Neil George is editor of By George. His talk was entitled "More Income, Less Risk in the Shadow of the Fed's Taper". His web site is called NeilGeorge.com. You can get a sample copy of his Lifetime Income Report if you email Neil George.
How does he work? He works the reporters. He reads newspapers and watches Fox News, CNBC, MSNBC, BBC and CNN and Fox Business. He watches Bloomberg television. He takes notes. Neil George says he always carries a reporter's notebook and as he reads or watches news, he makes notes. He has two columns of notes, one for company specific news and one for non-company specific news. He draws a line between a company and other news to get to good companies. You should know why you own a stock. Look at them from the top down and from the bottom up. Ask what will go wrong.
There are three types of companies, cash cows, long haulers and nibblers. Know your investment before you buy a stock. Do not look at earnings, but at operation profit. You want the more they sell, the more they make type companies. Ask what can go wrong to slow sales? When does this occur? What did the company do? What might happen if the situation reoccurs? Do regulatory changes cost the company? How did it handle it in the past? You want companies that are making more stuff, selling more stuff and earning more money.
Next you should look at a company from the bankers' perspective. Would you lend this company money? Look at their debt. Who are their major creditors? If financed by banks, remember that companies with bank creditors had problems in the last crisis. What could challenge the company on the business and balance sheet sides?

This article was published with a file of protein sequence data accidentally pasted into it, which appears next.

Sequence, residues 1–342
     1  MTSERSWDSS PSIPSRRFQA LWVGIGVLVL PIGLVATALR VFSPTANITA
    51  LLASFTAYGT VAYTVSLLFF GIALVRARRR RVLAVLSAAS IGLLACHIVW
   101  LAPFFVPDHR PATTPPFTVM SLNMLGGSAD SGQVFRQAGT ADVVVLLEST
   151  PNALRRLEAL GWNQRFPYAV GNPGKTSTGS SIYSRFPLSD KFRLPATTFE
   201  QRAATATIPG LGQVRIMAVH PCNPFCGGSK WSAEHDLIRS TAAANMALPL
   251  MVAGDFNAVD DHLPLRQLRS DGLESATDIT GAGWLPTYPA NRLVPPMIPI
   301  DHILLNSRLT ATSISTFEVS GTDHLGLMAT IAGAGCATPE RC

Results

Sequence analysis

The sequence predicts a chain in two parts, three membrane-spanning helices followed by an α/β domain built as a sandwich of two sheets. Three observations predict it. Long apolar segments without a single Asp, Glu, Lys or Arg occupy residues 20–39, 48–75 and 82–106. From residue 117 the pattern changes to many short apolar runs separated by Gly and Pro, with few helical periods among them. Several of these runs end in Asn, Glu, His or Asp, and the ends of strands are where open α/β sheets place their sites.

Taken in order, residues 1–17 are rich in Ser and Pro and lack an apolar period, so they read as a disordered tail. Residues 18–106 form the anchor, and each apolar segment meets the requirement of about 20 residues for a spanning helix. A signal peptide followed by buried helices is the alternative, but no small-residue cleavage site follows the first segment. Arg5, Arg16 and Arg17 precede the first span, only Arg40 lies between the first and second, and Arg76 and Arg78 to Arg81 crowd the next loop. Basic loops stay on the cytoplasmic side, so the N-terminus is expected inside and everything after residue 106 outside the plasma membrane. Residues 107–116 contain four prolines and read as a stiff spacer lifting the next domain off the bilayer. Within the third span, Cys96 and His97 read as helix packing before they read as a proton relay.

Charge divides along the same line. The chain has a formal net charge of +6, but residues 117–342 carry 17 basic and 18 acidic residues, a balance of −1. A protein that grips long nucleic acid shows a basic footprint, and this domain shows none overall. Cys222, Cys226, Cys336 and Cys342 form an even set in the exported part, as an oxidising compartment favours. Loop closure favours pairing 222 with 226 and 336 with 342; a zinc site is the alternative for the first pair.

We think about cash, bonds and real estate as groups. Think about what a company can do for you. If it is a good company, you can buy either its stock or its bonds. A company may not pay a high dividend, but it is good if it grows over time.
You should group your investments into 3 groups. The foundation and larges part should be the cash cows. These would be investments that would be able to pay large dividends year after year. They are not growers.
The second type would be the long haulers. These would be few in number and generate growth, they should be proven growers. They would build revenue and earnings and these would complement the cash cows. The will price in their growth. An example is Samsung (OTC: SSNGY) which has low dividends but generates large sales growth year over year. The market recognizes this and values the company higher and higher. It should have low to double digit growth. It is an inflation beating stock.
The third type of stocks would be Nibbles. Nibblers are stocks that you have researched for which you like their story. You are convinced that they are either a cash cow or a long hauler. Do a small initial investment and see how it works out.
While we are young... Warren Buffett is considered to be an astute investor. He started out with Berkshire Hathaway and turned it around and used the cash to buy make more investments. He can no longer buy a small company and turn it around and make any difference to his company now. Others can do this. He has a collection of dull and boring companies. They make money and pay out this in dividends. He has small companies that throw off a lot of cash.
This blog is meant for educational purposes only, and is not to provide investment advice. Before making any investment decision, you should always do your own research or consult an investment professional. See my site for an index to these blog entries and for stocks followed. Follow me on Twitter.